A tripartite framework for extending university-student co-creation to include workplace partners in the work-integrated learning context

Jennifer Ruskin*, Rebecca Bilous

*Corresponding author for this work

Research output: Contribution to journalArticle

Abstract

While at university, students increasingly have opportunities to play roles as consultants, student representatives, co-researchers or curriculum co-designers, and co-creation between university staff and students has received considerable attention in recent literature. While there is some evidence of co-creation with industry and community partners, workplace partners are not conceptualised as stakeholders in the co-creation process. This gap is particularly challenging in the work-integrated learning (WIL) context where students engage in authentic professional experiences, such as placements or projects, as part of their learning. We draw on reflections and the processes for producing resources in two co-creation activities to explore the phenomenon of co-creation between workplace partners and both university staff and students. Based on the analysis, we propose an extended tripartite co-creation framework. The framework outlines workplace partner, student and university staff contributions as planners, contributors, creators and reviewers, acknowledging the value of contributions consistent with each participant’s expertise, perspectives and time availability. Further, the proposed framework simultaneously reflects the ability for participants to engage in co-creation equitably, while acknowledging the university staff role in curating learning resources. In this way, the model acknowledges the potential for redistributing power through co-creation, while recognising university responsibility for learning outcomes and assurance of learning.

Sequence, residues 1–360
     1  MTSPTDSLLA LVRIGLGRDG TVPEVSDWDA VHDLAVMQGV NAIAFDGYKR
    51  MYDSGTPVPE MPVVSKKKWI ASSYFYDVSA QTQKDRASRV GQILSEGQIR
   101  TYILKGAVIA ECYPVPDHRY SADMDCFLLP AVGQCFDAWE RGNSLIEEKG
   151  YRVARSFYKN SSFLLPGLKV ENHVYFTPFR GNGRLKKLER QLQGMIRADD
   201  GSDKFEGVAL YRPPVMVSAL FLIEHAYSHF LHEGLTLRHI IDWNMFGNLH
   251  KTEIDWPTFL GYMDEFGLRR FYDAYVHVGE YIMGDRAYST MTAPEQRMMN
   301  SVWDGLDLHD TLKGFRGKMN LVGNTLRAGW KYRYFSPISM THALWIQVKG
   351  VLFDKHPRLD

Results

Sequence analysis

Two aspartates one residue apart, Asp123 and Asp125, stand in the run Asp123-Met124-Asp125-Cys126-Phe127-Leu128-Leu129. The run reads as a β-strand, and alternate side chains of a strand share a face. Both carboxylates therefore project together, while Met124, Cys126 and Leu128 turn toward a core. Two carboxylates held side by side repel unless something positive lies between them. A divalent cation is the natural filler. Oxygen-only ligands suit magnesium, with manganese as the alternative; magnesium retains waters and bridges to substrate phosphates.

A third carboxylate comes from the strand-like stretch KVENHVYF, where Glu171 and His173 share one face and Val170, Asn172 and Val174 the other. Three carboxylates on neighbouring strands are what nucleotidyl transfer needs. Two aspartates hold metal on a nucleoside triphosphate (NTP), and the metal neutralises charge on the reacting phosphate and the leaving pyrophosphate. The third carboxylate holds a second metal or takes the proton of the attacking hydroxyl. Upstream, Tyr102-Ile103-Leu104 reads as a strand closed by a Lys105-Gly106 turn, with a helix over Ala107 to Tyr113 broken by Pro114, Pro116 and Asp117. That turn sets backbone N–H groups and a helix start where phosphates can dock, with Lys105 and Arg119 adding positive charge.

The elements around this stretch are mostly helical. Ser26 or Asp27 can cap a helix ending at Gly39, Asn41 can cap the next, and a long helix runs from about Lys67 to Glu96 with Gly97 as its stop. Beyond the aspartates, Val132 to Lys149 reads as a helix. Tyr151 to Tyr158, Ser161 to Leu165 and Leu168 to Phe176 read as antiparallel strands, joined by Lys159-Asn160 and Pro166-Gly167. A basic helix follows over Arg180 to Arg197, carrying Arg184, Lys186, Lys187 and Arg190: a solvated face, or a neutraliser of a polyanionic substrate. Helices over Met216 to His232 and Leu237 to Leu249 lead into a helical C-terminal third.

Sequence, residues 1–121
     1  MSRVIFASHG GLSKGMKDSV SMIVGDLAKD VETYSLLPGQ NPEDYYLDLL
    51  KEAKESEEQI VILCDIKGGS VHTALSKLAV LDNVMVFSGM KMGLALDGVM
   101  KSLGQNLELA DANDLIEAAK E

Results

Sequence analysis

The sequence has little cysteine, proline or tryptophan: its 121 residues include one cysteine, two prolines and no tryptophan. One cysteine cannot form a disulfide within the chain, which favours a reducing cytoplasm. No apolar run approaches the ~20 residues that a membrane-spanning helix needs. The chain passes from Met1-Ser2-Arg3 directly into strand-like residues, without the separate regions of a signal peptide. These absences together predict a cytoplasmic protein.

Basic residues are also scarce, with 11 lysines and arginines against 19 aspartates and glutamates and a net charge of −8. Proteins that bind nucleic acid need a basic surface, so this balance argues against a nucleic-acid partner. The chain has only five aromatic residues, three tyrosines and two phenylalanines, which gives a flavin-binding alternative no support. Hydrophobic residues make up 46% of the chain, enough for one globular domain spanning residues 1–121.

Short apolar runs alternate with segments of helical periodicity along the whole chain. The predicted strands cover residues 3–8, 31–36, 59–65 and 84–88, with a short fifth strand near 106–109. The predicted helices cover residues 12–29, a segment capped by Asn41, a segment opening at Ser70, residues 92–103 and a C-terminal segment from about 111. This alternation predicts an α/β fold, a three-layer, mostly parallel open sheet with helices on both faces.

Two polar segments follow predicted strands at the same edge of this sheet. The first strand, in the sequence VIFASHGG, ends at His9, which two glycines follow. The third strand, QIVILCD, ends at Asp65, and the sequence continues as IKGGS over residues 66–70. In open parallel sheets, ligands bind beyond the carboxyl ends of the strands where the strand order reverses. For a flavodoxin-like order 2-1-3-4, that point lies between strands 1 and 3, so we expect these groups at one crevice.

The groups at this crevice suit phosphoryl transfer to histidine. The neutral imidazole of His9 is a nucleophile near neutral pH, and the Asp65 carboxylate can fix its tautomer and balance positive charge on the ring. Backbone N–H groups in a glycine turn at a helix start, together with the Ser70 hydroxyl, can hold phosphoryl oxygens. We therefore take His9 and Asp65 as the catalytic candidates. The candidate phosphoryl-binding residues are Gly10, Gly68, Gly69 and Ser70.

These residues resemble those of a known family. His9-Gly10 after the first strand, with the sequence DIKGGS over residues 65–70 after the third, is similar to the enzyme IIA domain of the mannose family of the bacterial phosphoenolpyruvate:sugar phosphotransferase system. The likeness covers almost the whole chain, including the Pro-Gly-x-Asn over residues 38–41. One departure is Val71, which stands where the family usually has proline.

Original languageEnglish
Pages (from-to)806-820
Number of pages15
JournalHigher Education Research & Development
Volume39
Issue number4
Early online date28 Nov 2019
DOIs
Publication statusPublished - 2020

Keywords

  • curriculum co-creation
  • pedagogical partnership
  • students as partners
  • work-integrated learning
  • WIL partners

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